The Joint Admissions and Matriculation Board (JAMB) have said it will provide the necessary support to ensure that Nigerian students evacuated from war-torn Sudan are integrated into the nation’s universities.
Registrar of JAMB, Prof. Ishaq Oloyede, made this known on Tuesday in Abuja when the Chairman of Nigerians in Diaspora Commission (NIDCOM), Mrs. Abike Dabiri-Erewa, led others to the exam body’s headquarters to discuss modalities for integrating the affected students into tertiary institutions in the country.
Oloyede, who empathized with the students, commended NIDCOM for the effective handling of their evacuation, adding that JAMB would ensure the desired support.
“What we will do is that we will provide the necessary infrastructure, the necessary enablement to make you accommodate or return these candidates (students) to our educational system,” Oloyede said.
Oloyede, however, called on the students not to tread the path of those who returned to the country over a year ago as a result of Ukraine’s war but refused to comply with the stipulated procedures that would have ensured they continue their academic programmes seamlessly in Nigerian universities.
He said: “We must thank NIDCOM for making efforts that the students are brought into the Nigerian university system and we have given the Commission the process and procedure….
“There are procedures (for transfer of students); the transcript, the rules and regulations, and nobody should be under any illusion believe that Nigerian university will award certificate with less than two years stay and residency in the university, and the procedure is done legitimately and properly with the cooperation of the National Universities Commission and the individual institution.
“The guideline from JAMB has already been handed over to the chairperson of the Commission.”
Explaining further on the issue of spending a minimum of two academic sessions for students who transferred to any Nigerian university, Oloyede said: “If you are doing a five-year programme, you will go to year four, because you are going to spend year 4 and year 5.
“For instance, if you are studying Medicine and you are in your 600 level, and if the Medical and Dental Council assesses what you have done; practical is okay, they will just move you to year 5, 500 level. You will do 500 level and 600 level, and you will have the certificate of the institution in Nigeria.”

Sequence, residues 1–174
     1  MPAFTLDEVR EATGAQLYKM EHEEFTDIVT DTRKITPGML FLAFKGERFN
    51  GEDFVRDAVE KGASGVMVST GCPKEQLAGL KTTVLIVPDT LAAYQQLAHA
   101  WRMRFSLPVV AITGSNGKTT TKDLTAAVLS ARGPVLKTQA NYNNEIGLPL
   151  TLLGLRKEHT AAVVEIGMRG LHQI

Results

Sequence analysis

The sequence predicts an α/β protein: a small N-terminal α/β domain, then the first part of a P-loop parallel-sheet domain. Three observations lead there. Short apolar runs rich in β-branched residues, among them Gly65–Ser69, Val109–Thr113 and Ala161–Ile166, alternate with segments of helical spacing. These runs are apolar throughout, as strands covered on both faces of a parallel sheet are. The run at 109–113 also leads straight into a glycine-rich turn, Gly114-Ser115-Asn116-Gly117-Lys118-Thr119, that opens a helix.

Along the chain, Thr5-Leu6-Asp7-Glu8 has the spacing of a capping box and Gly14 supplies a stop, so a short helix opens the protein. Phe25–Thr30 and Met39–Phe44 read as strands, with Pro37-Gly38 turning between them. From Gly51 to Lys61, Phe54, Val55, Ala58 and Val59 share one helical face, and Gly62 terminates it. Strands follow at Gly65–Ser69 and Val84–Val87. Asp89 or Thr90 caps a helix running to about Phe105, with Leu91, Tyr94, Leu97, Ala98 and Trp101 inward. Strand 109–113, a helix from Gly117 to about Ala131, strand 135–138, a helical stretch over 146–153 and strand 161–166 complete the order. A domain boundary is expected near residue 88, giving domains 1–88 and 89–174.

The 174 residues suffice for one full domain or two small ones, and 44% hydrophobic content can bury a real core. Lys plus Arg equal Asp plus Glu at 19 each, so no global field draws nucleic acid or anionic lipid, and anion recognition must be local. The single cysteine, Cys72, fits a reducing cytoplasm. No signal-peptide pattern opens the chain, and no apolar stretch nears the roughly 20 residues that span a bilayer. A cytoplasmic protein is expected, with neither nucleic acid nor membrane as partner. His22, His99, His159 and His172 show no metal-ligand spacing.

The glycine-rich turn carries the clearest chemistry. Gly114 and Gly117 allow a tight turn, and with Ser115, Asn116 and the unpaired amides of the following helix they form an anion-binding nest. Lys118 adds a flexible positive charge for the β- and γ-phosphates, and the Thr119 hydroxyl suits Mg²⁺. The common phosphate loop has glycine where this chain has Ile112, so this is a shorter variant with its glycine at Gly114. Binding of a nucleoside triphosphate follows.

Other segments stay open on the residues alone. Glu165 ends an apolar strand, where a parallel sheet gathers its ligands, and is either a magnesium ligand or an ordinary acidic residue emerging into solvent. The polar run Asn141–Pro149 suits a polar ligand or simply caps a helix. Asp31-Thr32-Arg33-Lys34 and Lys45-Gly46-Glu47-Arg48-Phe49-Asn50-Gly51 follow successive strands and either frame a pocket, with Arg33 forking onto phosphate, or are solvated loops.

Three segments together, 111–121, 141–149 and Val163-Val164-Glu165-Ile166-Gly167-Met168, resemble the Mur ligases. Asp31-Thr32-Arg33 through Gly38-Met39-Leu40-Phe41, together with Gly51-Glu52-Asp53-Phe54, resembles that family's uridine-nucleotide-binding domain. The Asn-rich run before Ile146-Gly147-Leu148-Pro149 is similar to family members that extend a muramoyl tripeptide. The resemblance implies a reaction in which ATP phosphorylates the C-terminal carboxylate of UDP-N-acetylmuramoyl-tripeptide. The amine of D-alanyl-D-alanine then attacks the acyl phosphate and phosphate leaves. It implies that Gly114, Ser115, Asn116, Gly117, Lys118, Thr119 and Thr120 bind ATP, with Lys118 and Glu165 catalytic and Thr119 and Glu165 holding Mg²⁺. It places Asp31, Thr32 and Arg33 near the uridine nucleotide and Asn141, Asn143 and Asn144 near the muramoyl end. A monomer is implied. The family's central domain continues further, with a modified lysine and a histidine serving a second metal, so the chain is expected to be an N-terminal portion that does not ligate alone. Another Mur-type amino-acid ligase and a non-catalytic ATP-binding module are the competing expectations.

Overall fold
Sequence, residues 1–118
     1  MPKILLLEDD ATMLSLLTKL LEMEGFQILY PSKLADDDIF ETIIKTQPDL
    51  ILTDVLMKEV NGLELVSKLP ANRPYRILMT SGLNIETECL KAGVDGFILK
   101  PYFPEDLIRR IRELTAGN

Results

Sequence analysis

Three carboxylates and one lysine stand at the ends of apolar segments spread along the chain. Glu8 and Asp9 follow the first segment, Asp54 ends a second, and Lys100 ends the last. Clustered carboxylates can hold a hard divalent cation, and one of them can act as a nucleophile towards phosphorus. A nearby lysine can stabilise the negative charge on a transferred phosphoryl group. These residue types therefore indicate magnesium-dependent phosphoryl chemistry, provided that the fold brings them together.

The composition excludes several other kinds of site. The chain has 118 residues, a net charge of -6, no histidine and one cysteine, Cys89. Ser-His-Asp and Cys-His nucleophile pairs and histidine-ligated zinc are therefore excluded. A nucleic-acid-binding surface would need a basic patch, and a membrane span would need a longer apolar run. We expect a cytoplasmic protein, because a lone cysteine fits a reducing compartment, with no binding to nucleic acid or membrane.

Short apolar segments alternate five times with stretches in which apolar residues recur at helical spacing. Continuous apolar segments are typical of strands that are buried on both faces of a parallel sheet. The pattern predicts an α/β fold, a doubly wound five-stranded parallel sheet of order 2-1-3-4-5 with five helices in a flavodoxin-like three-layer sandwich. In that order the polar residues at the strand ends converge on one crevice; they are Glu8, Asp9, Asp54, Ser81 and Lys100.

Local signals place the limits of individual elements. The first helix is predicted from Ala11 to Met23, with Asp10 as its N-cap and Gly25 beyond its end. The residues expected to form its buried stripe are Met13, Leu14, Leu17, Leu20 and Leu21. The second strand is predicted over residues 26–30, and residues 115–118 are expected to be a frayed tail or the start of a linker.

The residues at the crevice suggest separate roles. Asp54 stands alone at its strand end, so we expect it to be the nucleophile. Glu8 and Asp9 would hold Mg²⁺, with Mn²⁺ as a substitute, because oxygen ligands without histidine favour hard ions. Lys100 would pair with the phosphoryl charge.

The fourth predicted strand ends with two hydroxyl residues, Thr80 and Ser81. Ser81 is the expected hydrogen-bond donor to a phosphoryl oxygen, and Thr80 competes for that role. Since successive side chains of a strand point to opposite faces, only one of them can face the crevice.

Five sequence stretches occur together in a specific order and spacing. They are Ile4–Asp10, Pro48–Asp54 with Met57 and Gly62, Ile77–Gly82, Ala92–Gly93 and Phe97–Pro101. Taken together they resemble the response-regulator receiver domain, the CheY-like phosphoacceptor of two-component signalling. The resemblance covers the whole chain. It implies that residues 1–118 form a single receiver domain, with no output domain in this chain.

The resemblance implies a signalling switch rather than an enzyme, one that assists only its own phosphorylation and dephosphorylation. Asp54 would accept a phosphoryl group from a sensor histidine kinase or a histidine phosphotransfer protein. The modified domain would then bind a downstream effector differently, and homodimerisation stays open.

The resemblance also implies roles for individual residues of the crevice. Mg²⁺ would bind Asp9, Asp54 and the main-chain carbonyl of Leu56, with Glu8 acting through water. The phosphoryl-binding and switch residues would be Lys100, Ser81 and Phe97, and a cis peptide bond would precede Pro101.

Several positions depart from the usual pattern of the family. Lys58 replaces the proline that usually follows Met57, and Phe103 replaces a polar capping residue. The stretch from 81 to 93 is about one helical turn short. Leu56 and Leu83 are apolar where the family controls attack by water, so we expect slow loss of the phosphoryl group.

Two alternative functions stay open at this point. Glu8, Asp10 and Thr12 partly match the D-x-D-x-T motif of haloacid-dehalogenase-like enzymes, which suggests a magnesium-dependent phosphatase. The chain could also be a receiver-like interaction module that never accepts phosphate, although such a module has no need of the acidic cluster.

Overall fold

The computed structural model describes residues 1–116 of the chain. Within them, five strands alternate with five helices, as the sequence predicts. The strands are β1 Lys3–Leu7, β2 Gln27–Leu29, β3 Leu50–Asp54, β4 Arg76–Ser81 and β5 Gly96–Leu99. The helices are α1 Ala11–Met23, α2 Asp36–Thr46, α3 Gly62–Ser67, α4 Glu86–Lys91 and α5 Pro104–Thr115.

On her part, NIDCOM chairman, Dabiri-Erewa, said 1,730 Nigerians have been evacuated from Sudan as of Tuesday, adding that the majority of them are students eager to continue their education in Nigeria while waiting for the war to be over.
The NIDCOM boss assured that the necessary procedures will be followed to integrate the affected students into Nigerian schools.
She said: “The key thing is that there are processes to follow but they are not difficult processes and that is what we learnt from JAMB.
“The institutions are already saying they want to give support, they want to admit them but the key thing is to follow the process as stipulated by JAMB.
“All the information is on our website, process to follow, it should not be difficult to follow. The key thing is that JAMB has assured that it will provide the enabling environment and infrastructure, if for instance, a university admits you, after the admission, you need to get that letter from JAMB that says you have been admitted, no matter what year; year 3, year 2, year 4, and I think that it is the most important thing, but all the information will be out there so that we don’t make mistake in getting these things done.
“I will also appeal to the students that there is a crisis, it is affecting them one way or the other. How will the limit the impact or effect on them, whichever way, we must follow the process.
“Most of them are hoping that the war will be over and they will go back, but what if it is not? What is the stopgap? That is why we are doing this with JAMB.”
Also speaking, one of the parents of the affected students, Asmau Yerima, commended NIDCOM and JAMB for ensuring that the students will not be abandoned at home doing nothing.
“Our children are ready to go back to school, we don’t want to keep them at home. We don’t want them to be traumatised. Thanks to JAMB, they have been kind of cooperating and they gave us all the answers that we needed and we are happy our children will be going back to school as soon as possible”, she said.